It’s funny to think that when Quiet Loner recorded this song back in 2013 that we’d have had another two captains by the end of the decade but both essentially steering the same course, and each one in their own way being worse than the last. The lyrics are as pertinent today as ever: “I can see that storm ahead. We’re heading right for the eye. We’re the living and soon-to-be dead. And we’re all in this boat together as it rumbles, rattles and keels. As I cling to this rope I abandon all hope, when I look whose hand’s on the wheel.” You wouldn’t want the current captain’s hands on the wheel of a milk float. God help us all.
This week sees the 70th anniversary of the founding of The People’s Republic of China and we here in The People’s Republic of Liverpudlia thought we would celebrate our fellow People’s Republic’s birthday with lanterns, some dragon costumes and double egg fried rice and sweet and sour sauce all round. Continue reading “Pick of the Political Pop: Paul Rodgers “China Blue””
Boris Johnson, holder of the highest political office in the land, is a liar and a lawbreaker. We’d quite like to come up with our usual smart-arse funny stuff but on this occasion we think we’ll just leave that there.
We have a strict hierarchical structure here at Americana-UK Towers (actually we don’t but this is for illustrative purposes). At the top sits The Editor – a surly cove if crossed and a great believer in “do as I say not as I do”. Continue reading “Pick of the Political Pops: Suzi Quattro “If You Can’t Give Me Love””
Your regular correspondent has been on a sabbatical of late taking part in something called “The Real World” away from the delights and highlights of the Internet Universe. Trust – it’s a dreadful place. Don’t go there. Continue reading “Pick of the Political Pops: Woody Guthrie “All You Fascists Bound To Lose””
In a week where it seems like there’s almost nothing new under the sun to say about Brexit that hasn’t been said a million times over, in today’s Pops we cast our minds back to the turn of the century. Steve Earle caused considerable outrage by writing a sympathetic song for John Walker Lindh, the infamous lone American member of the Taliban. “Twisted ballad honours Tali-rat,” was the headline in the New York Post, while Steve Gill, a Rush Limbaugh-style radio host, said that the song put Earle “in the same category as Jane Fonda, John Walker and all those people who hate America”. Earle told The Guardian that “I became acutely aware that what happened to him could have happened to my son, and your son, and anybody’s son. Nobody in my country wanted to admit that. It’s one of the most American stories I’ve ever heard.”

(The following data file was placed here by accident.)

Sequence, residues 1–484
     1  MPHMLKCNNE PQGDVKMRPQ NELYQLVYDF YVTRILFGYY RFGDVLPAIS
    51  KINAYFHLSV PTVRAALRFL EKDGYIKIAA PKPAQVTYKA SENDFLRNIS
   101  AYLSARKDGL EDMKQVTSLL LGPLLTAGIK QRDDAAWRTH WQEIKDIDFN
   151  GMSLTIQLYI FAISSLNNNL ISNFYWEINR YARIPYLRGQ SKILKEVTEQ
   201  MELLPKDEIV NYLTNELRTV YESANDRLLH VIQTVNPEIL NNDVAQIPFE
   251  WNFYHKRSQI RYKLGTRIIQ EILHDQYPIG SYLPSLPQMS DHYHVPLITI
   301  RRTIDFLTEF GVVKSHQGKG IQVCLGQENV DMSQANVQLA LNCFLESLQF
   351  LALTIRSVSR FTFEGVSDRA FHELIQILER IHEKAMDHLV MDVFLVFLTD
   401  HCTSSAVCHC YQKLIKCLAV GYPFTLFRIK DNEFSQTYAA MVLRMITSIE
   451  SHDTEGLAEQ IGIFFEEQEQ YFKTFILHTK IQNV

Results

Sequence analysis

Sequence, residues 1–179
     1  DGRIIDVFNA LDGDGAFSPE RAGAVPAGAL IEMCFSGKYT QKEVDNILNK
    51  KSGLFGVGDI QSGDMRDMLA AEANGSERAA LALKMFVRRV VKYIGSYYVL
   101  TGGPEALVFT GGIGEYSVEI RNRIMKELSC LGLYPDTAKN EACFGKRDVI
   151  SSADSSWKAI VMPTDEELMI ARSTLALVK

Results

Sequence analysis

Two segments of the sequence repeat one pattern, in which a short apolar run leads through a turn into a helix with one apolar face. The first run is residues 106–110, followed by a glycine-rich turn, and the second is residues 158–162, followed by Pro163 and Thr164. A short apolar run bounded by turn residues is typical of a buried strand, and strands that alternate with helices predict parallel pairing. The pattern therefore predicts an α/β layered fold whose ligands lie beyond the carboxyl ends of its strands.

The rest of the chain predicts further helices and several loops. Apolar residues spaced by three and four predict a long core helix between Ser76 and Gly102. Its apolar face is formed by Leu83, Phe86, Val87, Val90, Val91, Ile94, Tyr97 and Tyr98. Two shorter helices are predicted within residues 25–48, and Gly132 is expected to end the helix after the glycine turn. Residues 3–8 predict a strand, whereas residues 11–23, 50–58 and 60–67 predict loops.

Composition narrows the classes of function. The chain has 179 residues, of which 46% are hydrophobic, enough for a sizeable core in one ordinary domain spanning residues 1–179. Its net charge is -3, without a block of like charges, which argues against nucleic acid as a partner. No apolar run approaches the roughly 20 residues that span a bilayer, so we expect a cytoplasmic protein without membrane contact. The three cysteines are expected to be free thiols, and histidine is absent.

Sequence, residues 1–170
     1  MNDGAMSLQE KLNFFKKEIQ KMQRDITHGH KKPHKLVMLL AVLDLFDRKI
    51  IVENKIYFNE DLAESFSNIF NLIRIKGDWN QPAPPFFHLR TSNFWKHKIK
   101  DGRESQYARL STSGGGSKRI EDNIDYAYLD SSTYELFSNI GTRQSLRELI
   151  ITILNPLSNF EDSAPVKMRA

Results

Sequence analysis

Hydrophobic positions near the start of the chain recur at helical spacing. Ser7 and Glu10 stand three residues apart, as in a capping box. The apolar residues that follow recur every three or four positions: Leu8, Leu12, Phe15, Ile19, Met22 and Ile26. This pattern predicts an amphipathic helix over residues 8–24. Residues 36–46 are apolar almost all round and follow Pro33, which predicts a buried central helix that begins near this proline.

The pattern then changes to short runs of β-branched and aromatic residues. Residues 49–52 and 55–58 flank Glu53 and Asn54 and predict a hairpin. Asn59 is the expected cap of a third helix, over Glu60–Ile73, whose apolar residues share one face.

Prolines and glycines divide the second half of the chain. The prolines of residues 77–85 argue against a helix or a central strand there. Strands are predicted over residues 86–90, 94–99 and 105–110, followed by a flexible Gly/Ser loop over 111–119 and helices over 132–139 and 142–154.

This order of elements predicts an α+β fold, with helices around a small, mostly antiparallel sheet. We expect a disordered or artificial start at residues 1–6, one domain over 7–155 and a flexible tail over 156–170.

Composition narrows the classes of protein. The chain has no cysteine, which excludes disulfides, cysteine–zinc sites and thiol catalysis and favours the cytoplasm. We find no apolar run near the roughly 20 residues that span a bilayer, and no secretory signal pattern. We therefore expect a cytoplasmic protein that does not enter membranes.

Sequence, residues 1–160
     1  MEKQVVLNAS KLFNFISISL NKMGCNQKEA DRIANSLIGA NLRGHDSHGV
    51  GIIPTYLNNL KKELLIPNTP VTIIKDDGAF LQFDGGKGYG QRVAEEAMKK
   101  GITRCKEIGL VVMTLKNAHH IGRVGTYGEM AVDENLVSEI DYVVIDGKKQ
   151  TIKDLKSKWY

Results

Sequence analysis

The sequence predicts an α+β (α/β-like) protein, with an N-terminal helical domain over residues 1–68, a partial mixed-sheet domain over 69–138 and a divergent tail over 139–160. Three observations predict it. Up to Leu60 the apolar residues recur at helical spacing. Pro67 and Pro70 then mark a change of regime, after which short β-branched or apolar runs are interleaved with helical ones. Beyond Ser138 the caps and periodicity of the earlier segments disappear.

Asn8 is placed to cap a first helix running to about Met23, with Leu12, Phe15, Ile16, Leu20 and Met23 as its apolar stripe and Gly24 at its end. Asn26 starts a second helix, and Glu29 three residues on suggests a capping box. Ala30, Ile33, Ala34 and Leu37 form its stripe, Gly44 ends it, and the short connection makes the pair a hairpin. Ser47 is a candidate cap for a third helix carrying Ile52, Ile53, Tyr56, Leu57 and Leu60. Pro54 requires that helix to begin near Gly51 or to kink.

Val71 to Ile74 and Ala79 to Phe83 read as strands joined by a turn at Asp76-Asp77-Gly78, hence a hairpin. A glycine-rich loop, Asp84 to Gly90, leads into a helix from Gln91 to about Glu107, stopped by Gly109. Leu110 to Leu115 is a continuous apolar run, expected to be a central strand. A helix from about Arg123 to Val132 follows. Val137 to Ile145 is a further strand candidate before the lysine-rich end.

‘And the Band Played Waltzing Matilda’ is a song written by Scottish-born Australian singer-songwriter Eric Bogle in 1971 which has since become a standard in Australian folk circles (William Crighton did an amazing version of it at this year’s Black Deer). The song follows the account of a young Australian serviceman who is maimed during the Gallipoli Campaign of the First World War. The protagonist, who had travelled across rural Australia before the war, is emotionally devastated by the loss of his legs in battle. As the years pass he notes the death of other veterans, while the younger generation becomes apathetic to the veterans and their cause. The Pogues’ version of this anti-war classic still is among the best.
Kacey Musgraves this week expressed her anger over the US government’s stance on gun reform, following two mass shootings in the US this past weekend. “I don’t know what the answer is but obviously something has to be fucking done,” the singer told a crowd at Lollapalooza . “Maybe somebody will hear us if we all yell together and say, ‘Somebody fucking do something.’” Not everyone was happy however. Fox News pundit Ainsley Earhard told the channel: “She sings two great songs that I have downloaded … but now I’m gonna look differently at her because she is chanting that vulgar language.” Oh what a world.
In April 1649 about 20 men assembled at St. George’s Hill, Surrey, and began to cultivate the common land. These Diggers held that the English Civil Wars had been fought against the king and the great landowners; now that Charles I had been executed, land should be made available for the very poor to cultivate. (Food prices had reached record heights in the late 1640s.) The numbers of the Diggers more than doubled during 1649. Their activities alarmed the government and roused the hostility of local landowners, who were rival claimants to the common lands. The Diggers were harassed by legal actions and mob violence, and by the end of March 1650 their colony was dispersed. Many people have covered this particular track including Billy Bragg on his ‘Back to Basics’ album from 93, but the great folk-singer Leon Rosselson’s original still sounds fantastic today.
With thanks to Andy Clarke
We are 90 days away from crashing out of the European Union like a petulant kid slamming the door behind them as everything falls off the shelves on the way out. Still, good to know we’ve got a crack team of negotiators on the case. Oh wait.